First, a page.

The first line of defense in combating blur is higher sensitivities or high ISO, which is commonly referred to as Digital Image Stabilization: because high ISO gets more light in the shot and facilitates faster shutter speeds, it actually manages blur caused by subject movement. It makes sense that faster shutter speeds freeze action. Better still, this type of Image Stabilization is good in low light settings where blur is quite common.
A second line of defense is Mechanical Image Stabilization: it manages blur caused by camera movement or photographer’s hand shake. Think about shooting scenery from a moving car or trying to take pictures from a boat on the water – the ground underneath isn’t stable and, as a result, neither is the photographer or the camera. Mechanical Image Stabilization is simply a balancing mechanism that ‘shifts’ the movement in the opposite direction and counteracts it. It’s correcting the blurry effect caused by the movement. There are actually two kinds of Mechanical Image Stabilization: Optical, where the balancing mechanism resides in the lens to counteract the blur; and Sensor Shift, where the balancing mechanism resides on the camera’s sensor to counteract the blur.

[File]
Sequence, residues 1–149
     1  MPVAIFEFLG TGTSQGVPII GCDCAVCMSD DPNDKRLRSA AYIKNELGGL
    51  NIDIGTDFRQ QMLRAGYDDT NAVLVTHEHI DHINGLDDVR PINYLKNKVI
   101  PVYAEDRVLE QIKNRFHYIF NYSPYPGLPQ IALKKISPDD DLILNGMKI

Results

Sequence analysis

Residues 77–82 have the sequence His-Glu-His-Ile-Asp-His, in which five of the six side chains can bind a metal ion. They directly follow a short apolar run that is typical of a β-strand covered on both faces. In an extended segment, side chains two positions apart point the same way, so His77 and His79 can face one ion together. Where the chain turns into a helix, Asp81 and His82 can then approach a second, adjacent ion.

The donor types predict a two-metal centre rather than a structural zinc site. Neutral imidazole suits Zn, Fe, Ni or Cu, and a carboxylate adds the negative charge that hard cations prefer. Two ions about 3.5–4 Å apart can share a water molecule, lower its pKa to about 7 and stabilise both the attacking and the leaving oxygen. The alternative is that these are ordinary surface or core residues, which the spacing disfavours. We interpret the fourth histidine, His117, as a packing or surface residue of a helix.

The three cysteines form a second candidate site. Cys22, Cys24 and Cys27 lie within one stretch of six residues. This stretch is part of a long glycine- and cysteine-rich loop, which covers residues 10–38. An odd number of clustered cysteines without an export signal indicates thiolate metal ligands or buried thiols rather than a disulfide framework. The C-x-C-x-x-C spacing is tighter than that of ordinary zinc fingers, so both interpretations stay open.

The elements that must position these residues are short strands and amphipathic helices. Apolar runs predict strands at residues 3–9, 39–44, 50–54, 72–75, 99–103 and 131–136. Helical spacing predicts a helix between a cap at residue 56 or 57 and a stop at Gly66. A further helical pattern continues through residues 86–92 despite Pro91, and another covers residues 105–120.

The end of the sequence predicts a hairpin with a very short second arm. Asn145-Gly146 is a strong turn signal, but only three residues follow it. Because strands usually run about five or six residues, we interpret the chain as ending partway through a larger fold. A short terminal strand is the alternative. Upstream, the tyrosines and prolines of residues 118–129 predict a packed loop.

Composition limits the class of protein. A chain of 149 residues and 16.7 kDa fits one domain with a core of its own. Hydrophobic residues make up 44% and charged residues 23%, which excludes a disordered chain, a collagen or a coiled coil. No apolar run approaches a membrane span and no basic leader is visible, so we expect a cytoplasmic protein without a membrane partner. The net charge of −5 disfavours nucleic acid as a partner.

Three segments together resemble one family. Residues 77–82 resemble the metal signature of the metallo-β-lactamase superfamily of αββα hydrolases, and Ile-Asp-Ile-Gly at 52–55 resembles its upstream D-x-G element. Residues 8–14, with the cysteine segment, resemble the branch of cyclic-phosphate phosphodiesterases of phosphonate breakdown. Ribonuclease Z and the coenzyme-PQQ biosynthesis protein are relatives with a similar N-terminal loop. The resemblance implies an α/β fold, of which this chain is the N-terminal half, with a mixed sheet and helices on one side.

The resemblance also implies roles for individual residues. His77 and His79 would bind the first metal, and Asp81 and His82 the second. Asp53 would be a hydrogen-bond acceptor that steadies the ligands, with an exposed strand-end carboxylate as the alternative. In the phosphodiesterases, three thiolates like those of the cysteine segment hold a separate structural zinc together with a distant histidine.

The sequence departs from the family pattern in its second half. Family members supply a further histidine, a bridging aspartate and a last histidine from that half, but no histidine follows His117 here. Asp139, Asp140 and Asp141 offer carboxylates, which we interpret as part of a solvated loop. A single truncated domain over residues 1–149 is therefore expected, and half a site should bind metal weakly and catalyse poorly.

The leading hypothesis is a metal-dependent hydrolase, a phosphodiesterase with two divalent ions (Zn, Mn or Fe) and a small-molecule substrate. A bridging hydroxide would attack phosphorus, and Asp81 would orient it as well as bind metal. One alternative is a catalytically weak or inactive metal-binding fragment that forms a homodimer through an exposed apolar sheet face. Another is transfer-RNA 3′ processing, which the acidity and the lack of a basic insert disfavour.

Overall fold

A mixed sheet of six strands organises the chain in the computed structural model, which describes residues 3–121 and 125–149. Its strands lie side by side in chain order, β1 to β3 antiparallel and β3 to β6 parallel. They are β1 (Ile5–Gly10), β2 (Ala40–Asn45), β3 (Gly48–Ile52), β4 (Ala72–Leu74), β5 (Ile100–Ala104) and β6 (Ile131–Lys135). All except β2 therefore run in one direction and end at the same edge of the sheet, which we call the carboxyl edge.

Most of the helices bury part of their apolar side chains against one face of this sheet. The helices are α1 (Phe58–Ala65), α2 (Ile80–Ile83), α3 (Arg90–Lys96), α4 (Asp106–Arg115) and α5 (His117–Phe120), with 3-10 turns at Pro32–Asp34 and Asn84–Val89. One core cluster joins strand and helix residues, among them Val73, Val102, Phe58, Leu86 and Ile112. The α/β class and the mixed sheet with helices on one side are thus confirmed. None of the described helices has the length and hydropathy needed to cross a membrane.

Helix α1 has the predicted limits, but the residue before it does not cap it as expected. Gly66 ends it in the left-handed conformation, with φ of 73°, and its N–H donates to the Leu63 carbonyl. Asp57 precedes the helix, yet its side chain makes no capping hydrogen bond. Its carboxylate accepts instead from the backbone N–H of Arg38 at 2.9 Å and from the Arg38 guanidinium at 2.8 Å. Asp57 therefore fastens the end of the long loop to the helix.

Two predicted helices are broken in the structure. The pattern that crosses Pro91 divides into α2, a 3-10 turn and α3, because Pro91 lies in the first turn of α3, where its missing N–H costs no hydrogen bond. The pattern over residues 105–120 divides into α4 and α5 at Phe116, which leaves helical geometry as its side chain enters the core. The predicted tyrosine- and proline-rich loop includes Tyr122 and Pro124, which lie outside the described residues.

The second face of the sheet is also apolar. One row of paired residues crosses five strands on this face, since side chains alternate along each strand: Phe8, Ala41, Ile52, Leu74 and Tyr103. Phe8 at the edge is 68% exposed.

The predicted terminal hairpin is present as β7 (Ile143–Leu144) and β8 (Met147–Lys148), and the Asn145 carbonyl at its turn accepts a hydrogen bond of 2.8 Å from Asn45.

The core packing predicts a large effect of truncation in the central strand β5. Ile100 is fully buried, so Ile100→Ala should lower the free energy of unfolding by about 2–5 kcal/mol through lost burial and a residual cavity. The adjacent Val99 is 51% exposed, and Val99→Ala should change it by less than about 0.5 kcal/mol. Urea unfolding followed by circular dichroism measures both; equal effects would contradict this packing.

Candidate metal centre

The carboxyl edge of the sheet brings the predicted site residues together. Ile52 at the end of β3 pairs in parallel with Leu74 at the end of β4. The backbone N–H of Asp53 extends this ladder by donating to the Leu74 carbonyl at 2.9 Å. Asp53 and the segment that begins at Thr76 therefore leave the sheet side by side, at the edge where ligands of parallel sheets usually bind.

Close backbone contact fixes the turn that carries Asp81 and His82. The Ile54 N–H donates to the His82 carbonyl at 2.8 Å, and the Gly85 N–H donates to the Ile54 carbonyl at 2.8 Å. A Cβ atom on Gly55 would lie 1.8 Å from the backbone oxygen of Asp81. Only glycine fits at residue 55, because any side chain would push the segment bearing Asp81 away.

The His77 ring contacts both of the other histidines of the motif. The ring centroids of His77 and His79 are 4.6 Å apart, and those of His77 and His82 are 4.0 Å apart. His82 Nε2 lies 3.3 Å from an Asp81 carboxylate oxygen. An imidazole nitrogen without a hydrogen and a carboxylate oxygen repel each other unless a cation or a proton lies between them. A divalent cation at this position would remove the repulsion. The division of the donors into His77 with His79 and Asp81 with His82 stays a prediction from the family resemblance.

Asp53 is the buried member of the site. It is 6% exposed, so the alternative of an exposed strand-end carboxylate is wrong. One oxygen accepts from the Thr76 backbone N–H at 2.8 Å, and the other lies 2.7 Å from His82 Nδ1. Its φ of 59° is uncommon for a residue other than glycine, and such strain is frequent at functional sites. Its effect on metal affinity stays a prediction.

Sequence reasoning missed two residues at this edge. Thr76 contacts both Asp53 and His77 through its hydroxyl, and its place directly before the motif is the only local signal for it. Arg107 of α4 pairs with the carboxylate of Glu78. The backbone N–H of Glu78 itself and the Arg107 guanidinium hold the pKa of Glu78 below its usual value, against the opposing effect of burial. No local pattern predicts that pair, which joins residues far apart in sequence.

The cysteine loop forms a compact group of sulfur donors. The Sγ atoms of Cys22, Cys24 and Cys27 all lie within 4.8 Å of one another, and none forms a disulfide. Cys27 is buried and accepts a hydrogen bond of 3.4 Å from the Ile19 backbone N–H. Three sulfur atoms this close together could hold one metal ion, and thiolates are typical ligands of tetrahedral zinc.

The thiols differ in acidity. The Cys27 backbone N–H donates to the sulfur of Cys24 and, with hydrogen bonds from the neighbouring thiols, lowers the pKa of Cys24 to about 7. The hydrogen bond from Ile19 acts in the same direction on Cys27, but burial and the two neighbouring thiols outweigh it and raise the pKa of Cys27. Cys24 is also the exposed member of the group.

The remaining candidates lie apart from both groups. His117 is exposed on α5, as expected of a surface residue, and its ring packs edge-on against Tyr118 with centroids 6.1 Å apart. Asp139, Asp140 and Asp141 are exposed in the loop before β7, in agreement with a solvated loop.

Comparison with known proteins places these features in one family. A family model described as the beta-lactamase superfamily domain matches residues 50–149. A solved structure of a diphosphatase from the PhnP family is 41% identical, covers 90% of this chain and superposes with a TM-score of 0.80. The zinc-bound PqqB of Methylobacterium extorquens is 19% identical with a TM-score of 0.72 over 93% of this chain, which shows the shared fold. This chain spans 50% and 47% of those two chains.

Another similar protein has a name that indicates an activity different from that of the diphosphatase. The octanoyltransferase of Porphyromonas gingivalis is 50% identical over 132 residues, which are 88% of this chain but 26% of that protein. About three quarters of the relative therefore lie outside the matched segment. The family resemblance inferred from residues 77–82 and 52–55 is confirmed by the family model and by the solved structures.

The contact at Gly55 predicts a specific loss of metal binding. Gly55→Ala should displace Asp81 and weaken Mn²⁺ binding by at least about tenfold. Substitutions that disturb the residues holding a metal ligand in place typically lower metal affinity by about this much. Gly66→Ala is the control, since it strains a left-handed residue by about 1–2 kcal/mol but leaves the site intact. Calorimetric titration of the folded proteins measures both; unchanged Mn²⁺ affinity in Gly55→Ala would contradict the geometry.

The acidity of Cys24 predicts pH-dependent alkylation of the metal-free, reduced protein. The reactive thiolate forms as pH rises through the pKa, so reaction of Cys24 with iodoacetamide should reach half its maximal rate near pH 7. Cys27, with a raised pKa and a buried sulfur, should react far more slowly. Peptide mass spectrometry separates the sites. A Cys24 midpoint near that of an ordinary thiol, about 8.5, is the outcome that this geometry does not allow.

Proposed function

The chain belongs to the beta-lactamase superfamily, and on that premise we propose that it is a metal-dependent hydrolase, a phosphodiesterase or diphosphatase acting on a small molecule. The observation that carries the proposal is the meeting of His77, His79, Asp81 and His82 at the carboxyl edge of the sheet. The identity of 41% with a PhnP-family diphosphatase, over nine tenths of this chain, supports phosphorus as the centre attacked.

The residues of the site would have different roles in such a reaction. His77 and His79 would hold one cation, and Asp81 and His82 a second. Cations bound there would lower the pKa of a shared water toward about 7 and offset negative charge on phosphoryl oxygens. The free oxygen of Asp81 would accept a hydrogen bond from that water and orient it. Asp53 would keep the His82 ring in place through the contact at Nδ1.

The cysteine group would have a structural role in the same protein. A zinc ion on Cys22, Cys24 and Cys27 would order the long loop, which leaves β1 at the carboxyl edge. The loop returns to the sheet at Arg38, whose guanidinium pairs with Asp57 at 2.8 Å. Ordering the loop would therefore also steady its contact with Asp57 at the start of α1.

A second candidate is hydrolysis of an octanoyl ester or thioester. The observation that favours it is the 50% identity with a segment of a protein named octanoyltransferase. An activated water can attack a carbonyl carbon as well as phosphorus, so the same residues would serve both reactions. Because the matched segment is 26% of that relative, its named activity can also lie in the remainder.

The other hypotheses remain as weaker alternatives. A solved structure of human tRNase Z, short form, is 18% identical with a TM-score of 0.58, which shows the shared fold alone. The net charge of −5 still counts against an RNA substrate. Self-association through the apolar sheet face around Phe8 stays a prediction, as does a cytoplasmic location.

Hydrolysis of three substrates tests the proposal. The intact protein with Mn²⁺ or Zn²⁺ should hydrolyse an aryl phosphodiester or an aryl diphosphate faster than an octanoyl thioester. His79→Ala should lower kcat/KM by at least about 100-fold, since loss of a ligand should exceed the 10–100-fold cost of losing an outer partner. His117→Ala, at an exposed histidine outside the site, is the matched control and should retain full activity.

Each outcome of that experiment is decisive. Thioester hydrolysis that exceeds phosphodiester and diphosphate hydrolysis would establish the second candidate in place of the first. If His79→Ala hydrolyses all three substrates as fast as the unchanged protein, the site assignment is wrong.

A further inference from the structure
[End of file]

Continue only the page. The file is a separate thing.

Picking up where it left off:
It’s always great to have both Digital Image Stabilization and Mechanical Image Stabilization – what Fujifilm calls Dual Image Stabilization – because blur is managed two ways to ensure the most crisp image possible.
But there is a third line of defense: the photographer! She is the most important part of the equation because she is the base, the solid footing – better known as “the human tripod”.
By holding the camera at face height and standing with arms held firmly at the sides, with legs about shoulder-width apart, the photographer has a firm placement and better grip on the camera rather than holding the camera at arms length. Think about this placement when shooting and ‘be the tripod’!
The final, most important element in avoiding blurry pictures is ‘the half-press’, or autofocus lock. By pressing the shutter button down halfway and holding steady, the photographer locks the subject or scene in focus. Then, by fully pressing the shutter, the subject or scene is shot with all elements in place for a nice, well-focused image.
Get to know your camera’s specific features, take lots of images to see which features which ones give you the results you’re looking for. Remember, you can always delete later. And always remember: beauty is in the eye of the beholder so trust your instincts and have fun with it!
Steve’s DigiCams.com Reviews FinePix HS20EXR
Steve’s DigCams review of the HS20eXR states:
High Quality Fixed lens with robust shooting performance and good overall image quality. Great Versatility from 30x optical zoom lens dSLR style body is easy and comfortable to handle with fully Automatic and Manual controls
Good quality HD videos at 720p and HDMI output.
To read the full review, visit: Steve’s Digicams HS20EXR review.